Patrice Perny Professor at Université Pierre et Marie Curie, LIP6, Paris, France
Title: Adaptive Preference Elicitation for Decision Making with Rank-Dependent Models (*)
Abstract: We present an incremental approach to preference elicitation for interactive decision support with rank-dependent models. This approach is based on an active learning process in which preference queries are selected one at the time in order to efficiently reduce the set of possibly optimal alternatives. The elicitation process is stopped when it can be proved that further specifications of the model cannot seriously challenge the current recommendation. This principle is illustrated in the context of decision making under risk, for the incremental elicitation of the weighting function transforming cumulative probabilities in Yaari's model and RDU. It is also illustrated in the the context of multicriteria decision making, for the incremental elicitation of the capacity in the Choquet integral, modelling the importance attached to all subsets of criteria.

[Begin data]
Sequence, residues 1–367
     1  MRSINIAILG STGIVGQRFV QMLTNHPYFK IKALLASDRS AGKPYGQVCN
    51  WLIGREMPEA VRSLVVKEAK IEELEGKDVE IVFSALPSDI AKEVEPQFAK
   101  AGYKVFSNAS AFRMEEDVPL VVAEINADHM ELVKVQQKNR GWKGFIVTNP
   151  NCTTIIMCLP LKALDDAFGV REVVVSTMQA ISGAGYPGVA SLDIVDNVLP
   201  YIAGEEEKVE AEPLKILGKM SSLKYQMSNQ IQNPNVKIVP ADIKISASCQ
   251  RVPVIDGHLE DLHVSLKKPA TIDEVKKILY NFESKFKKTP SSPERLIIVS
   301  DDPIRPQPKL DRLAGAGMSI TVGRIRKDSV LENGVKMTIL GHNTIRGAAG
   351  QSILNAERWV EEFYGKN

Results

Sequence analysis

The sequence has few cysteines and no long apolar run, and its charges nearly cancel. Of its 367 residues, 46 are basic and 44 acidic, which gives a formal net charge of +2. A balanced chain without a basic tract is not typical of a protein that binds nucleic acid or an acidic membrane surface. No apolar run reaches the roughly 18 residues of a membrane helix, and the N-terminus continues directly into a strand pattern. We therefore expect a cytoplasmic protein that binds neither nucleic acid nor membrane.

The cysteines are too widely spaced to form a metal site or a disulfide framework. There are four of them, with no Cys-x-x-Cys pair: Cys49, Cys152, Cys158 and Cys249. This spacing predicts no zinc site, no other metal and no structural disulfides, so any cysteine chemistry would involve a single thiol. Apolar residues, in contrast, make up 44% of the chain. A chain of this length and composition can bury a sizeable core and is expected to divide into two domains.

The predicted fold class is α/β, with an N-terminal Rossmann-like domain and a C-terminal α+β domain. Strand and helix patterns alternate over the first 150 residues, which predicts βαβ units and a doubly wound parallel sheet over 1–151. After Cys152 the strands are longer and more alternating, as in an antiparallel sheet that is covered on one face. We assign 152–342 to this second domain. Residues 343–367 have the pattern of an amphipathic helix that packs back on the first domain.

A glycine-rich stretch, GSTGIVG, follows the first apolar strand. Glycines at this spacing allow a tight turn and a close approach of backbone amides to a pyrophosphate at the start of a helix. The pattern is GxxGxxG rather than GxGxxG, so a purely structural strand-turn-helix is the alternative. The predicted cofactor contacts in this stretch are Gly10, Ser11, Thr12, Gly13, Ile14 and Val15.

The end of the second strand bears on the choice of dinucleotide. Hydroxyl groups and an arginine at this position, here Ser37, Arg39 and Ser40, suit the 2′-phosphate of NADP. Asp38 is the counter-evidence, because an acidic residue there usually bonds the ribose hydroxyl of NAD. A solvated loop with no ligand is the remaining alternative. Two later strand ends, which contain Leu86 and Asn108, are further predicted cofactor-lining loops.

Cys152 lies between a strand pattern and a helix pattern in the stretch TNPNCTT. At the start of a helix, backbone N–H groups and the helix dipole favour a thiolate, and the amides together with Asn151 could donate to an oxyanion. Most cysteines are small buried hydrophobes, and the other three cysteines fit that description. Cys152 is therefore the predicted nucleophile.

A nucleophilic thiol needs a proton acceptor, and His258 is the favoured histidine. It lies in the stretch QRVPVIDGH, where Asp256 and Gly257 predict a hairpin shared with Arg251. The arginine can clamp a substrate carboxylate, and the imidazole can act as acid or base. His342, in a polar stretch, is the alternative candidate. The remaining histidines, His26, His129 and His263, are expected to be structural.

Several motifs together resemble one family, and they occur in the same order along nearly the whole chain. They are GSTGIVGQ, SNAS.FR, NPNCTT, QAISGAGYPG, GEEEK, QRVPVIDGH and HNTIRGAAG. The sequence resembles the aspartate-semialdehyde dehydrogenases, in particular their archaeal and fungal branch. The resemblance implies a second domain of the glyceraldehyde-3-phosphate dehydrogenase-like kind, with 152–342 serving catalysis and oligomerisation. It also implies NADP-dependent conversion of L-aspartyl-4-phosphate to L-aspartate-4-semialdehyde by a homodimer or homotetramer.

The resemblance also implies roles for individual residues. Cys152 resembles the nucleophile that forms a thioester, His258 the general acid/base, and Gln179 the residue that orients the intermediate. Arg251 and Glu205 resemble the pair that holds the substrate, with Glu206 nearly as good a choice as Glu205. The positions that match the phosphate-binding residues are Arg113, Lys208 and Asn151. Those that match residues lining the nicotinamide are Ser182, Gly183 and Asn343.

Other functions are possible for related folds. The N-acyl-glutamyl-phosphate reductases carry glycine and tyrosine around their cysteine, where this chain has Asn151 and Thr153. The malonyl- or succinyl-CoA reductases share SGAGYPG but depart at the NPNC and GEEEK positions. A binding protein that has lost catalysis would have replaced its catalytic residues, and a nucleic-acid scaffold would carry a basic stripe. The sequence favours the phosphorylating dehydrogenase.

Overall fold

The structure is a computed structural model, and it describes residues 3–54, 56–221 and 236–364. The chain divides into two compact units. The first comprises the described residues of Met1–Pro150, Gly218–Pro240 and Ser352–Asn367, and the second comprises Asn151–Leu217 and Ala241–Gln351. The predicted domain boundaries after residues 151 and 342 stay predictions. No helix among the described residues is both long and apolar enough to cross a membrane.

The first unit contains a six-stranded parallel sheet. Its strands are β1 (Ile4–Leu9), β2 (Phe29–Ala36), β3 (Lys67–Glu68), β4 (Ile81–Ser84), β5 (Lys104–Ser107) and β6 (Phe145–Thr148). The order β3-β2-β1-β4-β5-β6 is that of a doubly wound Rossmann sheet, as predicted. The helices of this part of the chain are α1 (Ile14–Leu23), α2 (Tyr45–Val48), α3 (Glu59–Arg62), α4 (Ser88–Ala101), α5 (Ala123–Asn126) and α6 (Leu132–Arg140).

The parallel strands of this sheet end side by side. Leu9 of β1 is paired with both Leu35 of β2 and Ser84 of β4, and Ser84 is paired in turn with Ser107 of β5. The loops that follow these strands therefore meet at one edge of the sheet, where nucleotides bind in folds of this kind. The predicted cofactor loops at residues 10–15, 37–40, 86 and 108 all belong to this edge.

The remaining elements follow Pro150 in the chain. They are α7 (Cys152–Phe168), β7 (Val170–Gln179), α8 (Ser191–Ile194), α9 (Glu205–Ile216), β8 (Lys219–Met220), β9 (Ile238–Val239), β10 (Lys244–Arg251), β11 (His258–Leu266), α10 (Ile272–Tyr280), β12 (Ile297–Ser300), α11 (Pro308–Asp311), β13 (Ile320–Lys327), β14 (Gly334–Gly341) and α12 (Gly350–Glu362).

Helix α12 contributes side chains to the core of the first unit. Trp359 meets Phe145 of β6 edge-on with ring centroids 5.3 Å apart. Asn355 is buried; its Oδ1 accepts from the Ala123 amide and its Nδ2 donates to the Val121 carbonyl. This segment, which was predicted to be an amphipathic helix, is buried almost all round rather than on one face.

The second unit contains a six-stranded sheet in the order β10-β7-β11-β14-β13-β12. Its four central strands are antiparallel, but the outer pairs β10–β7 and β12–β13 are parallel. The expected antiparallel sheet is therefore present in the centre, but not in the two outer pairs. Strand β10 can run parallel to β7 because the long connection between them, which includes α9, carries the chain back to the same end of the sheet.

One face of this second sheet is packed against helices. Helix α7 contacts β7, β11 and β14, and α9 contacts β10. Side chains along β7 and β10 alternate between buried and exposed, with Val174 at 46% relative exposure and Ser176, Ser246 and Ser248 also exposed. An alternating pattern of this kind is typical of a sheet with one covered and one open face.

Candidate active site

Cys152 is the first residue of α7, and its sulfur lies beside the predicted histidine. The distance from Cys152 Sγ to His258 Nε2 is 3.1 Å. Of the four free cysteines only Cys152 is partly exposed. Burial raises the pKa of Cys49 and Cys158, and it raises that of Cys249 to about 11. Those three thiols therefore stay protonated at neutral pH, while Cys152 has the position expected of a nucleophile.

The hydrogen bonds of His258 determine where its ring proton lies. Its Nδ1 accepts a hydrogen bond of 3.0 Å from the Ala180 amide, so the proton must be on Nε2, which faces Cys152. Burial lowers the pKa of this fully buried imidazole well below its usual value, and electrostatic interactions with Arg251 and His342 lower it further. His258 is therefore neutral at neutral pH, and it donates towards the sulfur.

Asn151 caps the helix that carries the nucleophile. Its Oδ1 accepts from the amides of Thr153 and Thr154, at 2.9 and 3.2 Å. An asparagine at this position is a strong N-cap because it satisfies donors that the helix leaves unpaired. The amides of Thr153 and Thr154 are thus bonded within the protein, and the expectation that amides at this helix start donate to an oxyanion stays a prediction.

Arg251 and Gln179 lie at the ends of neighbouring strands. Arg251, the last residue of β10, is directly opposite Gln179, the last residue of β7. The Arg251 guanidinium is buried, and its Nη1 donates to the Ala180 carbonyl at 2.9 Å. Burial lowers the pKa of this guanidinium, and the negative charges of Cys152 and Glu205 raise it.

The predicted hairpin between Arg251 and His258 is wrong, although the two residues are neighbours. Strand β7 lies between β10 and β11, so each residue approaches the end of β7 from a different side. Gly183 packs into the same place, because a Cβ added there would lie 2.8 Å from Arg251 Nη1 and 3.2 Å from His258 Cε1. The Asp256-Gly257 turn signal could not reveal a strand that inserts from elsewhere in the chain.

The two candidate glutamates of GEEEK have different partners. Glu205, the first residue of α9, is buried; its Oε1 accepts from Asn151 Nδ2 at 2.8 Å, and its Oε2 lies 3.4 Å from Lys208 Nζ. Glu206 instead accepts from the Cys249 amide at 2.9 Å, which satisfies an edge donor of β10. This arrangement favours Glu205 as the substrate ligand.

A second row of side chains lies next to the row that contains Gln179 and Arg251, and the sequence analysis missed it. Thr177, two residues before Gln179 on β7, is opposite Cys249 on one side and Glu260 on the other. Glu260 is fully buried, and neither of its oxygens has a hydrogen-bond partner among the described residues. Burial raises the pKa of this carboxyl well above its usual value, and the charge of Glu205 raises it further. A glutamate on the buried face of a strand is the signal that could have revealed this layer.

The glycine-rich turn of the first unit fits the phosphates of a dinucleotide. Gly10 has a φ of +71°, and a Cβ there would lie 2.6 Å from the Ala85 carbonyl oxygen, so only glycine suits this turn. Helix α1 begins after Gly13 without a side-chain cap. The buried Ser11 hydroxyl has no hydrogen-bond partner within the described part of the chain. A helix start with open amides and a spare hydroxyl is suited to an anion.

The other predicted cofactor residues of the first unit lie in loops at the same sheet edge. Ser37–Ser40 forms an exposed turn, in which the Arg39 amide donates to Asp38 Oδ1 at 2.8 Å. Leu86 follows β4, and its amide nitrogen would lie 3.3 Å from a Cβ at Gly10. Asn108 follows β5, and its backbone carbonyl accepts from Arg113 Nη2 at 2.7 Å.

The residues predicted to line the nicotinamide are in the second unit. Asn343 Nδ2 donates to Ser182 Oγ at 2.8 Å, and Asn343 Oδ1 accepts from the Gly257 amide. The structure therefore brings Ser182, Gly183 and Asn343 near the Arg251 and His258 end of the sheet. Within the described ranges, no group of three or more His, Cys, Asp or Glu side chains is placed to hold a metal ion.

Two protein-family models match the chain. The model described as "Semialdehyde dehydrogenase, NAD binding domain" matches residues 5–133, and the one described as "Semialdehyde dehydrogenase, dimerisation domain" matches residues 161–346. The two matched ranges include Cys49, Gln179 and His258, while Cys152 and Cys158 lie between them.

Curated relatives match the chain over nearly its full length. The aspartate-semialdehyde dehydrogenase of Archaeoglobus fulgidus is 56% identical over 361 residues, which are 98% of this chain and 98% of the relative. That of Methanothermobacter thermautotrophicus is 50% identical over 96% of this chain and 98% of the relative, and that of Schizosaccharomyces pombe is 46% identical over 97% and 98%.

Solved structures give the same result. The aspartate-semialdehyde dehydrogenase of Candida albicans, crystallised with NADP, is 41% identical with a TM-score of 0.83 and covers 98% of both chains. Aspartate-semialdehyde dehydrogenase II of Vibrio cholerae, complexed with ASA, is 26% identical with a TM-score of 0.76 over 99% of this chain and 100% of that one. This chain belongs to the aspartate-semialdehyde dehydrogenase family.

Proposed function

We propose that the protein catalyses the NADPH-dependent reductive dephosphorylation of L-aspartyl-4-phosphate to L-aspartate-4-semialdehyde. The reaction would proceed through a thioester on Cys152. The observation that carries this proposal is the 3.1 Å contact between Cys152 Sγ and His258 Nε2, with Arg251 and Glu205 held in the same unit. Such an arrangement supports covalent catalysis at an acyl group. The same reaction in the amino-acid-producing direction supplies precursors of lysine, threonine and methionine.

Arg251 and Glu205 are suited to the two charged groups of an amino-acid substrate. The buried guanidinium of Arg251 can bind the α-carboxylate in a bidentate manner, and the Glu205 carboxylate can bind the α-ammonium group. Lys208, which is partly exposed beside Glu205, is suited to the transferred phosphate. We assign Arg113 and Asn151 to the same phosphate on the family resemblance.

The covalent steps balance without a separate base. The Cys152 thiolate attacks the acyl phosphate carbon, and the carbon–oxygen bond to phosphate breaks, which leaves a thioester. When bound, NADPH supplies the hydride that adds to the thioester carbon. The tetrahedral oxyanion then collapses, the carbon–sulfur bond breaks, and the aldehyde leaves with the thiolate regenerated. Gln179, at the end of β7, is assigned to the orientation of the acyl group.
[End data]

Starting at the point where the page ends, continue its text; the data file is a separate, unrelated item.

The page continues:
(*) the presentation is based on recent joint works with Nawal Benabbou and Paolo Viappiani at LIP6.
Biography: Patrice Perny received the Ph.D. degree in Computer Science and Operations Research in 1992 from University Paris Dauphine and Habilitation degree in 2000 from University Pierre et Marie Curie (UPMC, Paris 6). He became Associate Professor in 1992 at University Pierre et Marie Curie (UPMC), Paris, France, and full Professor in 2002. He is currently head of the DESIR department at LIP6 (Decision making, Intelligent System and Operations Research). His activities concern preference modeling, multiobjective optimization, decision and optimisation under uncertainty and risk, computational social choice and algorithmic game theory. He works on the elaboration of preference models for decision making, and on the development of algorithms allowing the fast determination of preferred solutions in combinatorial decision problems. The applications concern decision support systems (rational preparation of important human decisions) and automatic decision making (autonomous decision agents).